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Penclawdd Circular

Last week's walk started from Penclawdd and rambled up hills and down dales yielding lovely images of the Loughor estuary and taking us to parts we have never ventured to before. A bit soggy underfoot sometimes but we are intrepid men and cannot be daunted!



After giving our bus passes a good polish we head for the bus stop and are soon on our way. There are compensations for being pensioners!

So here we are gasping for breath after a steep climb above Penclawdd where we have clues about its history.


After regaining our breath we climb on but there are always views to give one the excuse to stop. We are by no means near to the top of the hill, we reach the road that climbs up to Blue Anchor and walk a hundred yards or so ....




.... until we reach this leafy tunnel path, climbing all the while the path opens out into a sloping field, the slope is upwards but we slog on and are rewarded as we get higher with ....



.... a clear view of the estuary and the snaking channels that give it its character.

We get to the top and, guess what, we drop down again and reach a lane that leads us into Blue Anchor, ironically when we turned up the leafy tunnel path we were only a short distance from that little hamlet but that is not the point, is it?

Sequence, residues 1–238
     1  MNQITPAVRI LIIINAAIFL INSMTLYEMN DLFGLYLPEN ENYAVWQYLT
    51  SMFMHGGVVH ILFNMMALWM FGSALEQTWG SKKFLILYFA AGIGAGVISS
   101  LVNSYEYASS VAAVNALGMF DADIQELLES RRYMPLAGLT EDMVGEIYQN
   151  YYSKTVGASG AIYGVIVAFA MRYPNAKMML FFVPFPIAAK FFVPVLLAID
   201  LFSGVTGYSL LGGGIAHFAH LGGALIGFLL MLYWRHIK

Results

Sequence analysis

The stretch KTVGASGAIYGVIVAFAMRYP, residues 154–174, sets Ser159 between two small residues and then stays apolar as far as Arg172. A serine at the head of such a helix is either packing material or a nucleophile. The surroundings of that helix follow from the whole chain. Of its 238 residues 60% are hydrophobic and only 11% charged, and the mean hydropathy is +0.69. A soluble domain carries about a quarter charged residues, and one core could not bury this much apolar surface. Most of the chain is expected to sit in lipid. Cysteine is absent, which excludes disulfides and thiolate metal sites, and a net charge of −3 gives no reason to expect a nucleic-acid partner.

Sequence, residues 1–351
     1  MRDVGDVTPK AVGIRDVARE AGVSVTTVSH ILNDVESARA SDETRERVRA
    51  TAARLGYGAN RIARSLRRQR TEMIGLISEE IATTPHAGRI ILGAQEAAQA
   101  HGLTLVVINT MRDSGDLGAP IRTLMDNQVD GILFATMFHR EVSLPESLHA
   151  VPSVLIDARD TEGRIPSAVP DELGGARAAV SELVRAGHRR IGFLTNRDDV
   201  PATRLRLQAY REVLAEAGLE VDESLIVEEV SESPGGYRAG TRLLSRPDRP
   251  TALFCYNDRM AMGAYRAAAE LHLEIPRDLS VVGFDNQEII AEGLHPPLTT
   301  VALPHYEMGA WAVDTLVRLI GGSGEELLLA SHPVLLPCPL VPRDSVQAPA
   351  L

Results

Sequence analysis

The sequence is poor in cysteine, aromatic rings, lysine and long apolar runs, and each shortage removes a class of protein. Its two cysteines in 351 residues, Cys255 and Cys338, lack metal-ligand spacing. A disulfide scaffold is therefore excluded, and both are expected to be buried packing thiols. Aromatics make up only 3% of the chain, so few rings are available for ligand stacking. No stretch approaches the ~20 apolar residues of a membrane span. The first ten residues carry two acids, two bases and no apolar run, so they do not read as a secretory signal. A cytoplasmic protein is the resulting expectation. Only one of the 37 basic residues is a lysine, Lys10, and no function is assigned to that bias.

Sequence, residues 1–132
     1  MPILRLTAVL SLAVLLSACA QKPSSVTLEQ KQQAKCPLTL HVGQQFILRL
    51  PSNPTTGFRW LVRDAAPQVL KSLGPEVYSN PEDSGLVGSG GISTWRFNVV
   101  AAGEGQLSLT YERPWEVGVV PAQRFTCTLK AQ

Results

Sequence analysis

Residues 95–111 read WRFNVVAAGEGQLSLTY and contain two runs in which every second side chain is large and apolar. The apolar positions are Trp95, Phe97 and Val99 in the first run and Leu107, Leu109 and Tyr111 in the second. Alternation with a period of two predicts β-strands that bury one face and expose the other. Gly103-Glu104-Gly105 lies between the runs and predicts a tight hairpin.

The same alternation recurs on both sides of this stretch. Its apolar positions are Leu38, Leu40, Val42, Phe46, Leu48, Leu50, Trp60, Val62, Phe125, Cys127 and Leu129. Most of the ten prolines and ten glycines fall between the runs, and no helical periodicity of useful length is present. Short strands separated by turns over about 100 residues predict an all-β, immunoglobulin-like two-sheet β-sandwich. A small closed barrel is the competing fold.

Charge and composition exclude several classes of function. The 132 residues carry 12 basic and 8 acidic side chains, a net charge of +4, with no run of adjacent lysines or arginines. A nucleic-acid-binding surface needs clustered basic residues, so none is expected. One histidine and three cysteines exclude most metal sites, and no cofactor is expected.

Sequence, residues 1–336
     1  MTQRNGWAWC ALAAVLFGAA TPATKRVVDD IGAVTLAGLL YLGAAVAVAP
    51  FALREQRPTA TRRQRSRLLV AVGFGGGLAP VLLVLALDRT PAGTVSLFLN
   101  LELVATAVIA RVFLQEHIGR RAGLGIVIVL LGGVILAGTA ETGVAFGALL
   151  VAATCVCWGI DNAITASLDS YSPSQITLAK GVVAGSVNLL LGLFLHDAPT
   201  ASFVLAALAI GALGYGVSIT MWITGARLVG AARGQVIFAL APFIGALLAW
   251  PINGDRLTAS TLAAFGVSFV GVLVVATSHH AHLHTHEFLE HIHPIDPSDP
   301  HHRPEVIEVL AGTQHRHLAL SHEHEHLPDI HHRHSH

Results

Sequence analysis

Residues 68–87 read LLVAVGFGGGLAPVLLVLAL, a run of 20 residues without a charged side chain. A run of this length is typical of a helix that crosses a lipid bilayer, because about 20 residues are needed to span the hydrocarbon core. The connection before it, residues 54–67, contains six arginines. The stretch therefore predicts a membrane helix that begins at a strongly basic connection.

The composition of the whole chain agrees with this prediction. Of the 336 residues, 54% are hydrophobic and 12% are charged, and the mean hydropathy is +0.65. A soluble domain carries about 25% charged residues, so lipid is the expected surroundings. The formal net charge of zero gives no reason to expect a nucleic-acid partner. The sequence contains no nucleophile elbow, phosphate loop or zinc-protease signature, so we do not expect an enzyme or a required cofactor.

On arriving in Blue Anchor we make for the church, take a path down to a valley where we go through a wood and cross this bridge. And no Alan, you can't see a trout in the stream. We lost our way a bit then, entered a farmyard to be greeted by a farmer wishing to know our purpose. He kindly put us on the right track


We soon found ourselves on the Welsh Moor road which also accommodates the Gower Way and just to prove that here is this lichen clad and blackberry stained sign to prove it.

We found a bench to sit on and took a few munches on our sandwiches and sips from flasks before following the directions past ....


.... the ruins of the old Carmel Chapel after which we are instructed to look out for a path on our left about 100 yards before a cattle grid (instructions would be a lot easier if they related to somewhere after a landmark rather than before one) anyway we found it and it started off as a little river. It improved but we had to hop from one side to the other many times.

We must have been a wonderful sight to see!




We were to look out for this structure which I was aware of but because the lane that goes past it is bounded by high banks I had never had a good look at it.

It turns out that it was the engine house for the former Caer Eithin colliery, one of many collieries in the area.



As usual it is our wholy intrepid leader, Alan, who shows us the way. (Is that the right way to spell 'holy'?)

As we get lower the going gets a bit wetter but with Alan's guidance we safely reach a pretty little wooded area which I would like to show you ....










.... and here it is!

Lovely isn't it!


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